Johns Hopkins School of Public Health
Dr. Robert Musil, RCC President
Dr. Bob Musil, President and CEO of the Rachel Carson Council, was the distinguished Polly Walker Ecology Fund lecturer at the Johns Hopkins Bloomberg School of Public Health (JHSPH), in Baltimore, Maryland. Musil was the keynote luncheon speaker for a two-day event for Hopkins alumni honoring Rachel Carson and other noted women from the School of Public Health. He was introduced by Dr. Marsha Wills-Karp of the Department of Environmental Health Science.
Dr. Musil is a 2001 graduate of the JHSPH where Rachel Carson was a Research Assistant to the famed biologist and geneticist, Dr. Raymond Pearl. Carson worked with Pearl and his wife, Maud DeWitt Pearl, managing editor of Human Biology, while she pursued graduate studies in biology at Hopkins and the Woods Hole Biological Laboratory on Cape Cod from 1929-1934.
Dr. Robert Lawrence
Musil spoke to a full auditorium at the JHSPH where he noted wryly he presented his Master’s thesis on the health effects of global climate change in Maryland in the exact same spot, but with more trepidation despite a much smaller audience. Musil lectured about his book, Rachel Carson and Her Sisters, focusing on Rachel Carson and her time at Hopkins and other distinguished women of science connected to Carson and the JHSPH. Among them was Dr. Anna Baetjer, one of the pioneers in women, health, and the environment, who was an Assistant Professor and popular teacher while Carson was a student.
Dr. Lynn Goldman
Musil also described the achievements of contemporary Hopkins women in the tradition of Rachel Carson including Dr. Devra Davis, head of the Environmental Health Trust, author of When Smoke Ran Like Water, and a specialist in the environmental causes of cancer. Davis is also the subject of chapter six in Rachel Carson and Her Sisters. Musil also praised Dr. Lynn Goldman, Dean of the George Washington School of Public Health, and a former Assistant Administrator of the EPA. Dr. Goldman led a panel of JHSPH women after Musil’s luncheon address.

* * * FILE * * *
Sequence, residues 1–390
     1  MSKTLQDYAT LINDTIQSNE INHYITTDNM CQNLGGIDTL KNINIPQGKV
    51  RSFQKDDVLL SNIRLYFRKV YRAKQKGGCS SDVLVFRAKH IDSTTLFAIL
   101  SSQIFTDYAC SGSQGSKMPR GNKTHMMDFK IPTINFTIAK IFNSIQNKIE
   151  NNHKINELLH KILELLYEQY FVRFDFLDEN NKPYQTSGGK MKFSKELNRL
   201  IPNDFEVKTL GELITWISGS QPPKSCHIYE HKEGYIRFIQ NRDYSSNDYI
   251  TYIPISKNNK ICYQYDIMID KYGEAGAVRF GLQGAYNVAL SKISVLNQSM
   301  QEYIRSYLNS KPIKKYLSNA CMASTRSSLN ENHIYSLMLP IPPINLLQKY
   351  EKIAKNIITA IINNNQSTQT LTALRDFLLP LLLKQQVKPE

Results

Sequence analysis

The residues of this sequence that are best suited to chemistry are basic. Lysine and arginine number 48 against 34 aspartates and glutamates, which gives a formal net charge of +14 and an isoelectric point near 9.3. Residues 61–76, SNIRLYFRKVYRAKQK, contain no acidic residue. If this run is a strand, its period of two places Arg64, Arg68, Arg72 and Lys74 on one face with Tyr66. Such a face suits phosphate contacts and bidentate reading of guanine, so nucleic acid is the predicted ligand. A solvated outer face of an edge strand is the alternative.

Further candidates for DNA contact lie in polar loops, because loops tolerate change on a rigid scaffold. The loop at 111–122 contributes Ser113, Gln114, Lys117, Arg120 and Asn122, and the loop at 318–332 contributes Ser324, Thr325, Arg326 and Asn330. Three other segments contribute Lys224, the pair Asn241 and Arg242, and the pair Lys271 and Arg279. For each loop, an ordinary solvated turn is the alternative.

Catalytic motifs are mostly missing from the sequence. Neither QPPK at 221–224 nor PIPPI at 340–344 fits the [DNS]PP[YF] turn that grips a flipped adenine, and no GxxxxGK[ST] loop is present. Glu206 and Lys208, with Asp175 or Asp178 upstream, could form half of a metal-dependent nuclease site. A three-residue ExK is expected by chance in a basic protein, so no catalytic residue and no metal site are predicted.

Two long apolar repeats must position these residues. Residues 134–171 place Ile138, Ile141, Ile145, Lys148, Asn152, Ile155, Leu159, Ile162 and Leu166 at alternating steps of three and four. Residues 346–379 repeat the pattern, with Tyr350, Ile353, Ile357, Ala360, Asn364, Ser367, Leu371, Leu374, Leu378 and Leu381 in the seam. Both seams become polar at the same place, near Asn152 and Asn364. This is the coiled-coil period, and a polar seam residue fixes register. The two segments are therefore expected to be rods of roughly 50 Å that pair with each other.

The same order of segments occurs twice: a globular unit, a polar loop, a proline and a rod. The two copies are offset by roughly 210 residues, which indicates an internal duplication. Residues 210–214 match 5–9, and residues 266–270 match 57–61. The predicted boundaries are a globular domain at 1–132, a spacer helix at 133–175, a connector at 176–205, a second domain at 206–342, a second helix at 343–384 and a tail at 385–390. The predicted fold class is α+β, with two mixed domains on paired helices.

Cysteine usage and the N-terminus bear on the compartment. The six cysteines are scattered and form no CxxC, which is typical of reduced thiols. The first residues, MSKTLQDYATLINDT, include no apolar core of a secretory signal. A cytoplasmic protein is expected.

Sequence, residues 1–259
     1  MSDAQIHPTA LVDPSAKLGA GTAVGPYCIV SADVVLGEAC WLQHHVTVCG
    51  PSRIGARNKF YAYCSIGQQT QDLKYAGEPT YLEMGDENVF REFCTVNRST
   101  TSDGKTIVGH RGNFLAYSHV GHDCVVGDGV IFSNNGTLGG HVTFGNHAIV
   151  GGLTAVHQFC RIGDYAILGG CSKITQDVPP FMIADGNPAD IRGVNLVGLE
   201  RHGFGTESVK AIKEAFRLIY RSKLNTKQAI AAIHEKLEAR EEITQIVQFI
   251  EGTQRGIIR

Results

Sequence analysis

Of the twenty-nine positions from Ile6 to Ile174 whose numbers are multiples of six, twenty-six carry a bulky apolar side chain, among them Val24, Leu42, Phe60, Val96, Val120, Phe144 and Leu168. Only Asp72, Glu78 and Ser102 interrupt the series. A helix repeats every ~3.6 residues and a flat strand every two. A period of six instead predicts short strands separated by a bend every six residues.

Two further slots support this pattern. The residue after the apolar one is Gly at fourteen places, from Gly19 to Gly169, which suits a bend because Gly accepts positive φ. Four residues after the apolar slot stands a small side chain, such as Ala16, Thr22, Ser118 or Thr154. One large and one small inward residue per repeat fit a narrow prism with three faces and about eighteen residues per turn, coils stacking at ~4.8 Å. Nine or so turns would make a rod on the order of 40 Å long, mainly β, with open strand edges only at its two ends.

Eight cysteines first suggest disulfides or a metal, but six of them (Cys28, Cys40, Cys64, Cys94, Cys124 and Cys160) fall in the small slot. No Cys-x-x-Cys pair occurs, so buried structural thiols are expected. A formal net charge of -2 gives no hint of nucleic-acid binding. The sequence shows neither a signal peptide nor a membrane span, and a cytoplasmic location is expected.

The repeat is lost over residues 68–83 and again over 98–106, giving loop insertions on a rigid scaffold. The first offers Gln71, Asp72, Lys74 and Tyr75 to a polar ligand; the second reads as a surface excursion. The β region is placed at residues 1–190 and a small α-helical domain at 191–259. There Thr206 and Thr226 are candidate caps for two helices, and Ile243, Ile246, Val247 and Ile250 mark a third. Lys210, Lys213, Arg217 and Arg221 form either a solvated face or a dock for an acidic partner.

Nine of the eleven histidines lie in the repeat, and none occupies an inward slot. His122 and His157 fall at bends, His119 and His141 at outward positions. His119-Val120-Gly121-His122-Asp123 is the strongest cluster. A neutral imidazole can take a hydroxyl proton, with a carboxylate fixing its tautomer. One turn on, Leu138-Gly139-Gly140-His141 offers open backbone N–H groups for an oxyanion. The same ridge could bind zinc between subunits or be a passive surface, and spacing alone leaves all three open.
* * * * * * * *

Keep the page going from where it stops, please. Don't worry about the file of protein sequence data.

The event was sponsored by the Center for a Livable Future (CLF) at the School of Public Health. The CLF, founded and headed by Dr. Robert Lawrence, is a research and policy think tank that focuses on environmental health problems such as industrial scale animal farming and global climate change. Dr. Lawrence taught Musil at Hopkins and also was taught and mentored at Harvard Medical School by Dr. Harriet Hardy, another pioneer in environmental health profiled in Musil’s book.
The Johns Hopkins School of Public Health and its Center for a Livable Future are now linked to the Rachel Carson Council campus network and will share information, resources, and collaborate on advocacy projects of mutual concern.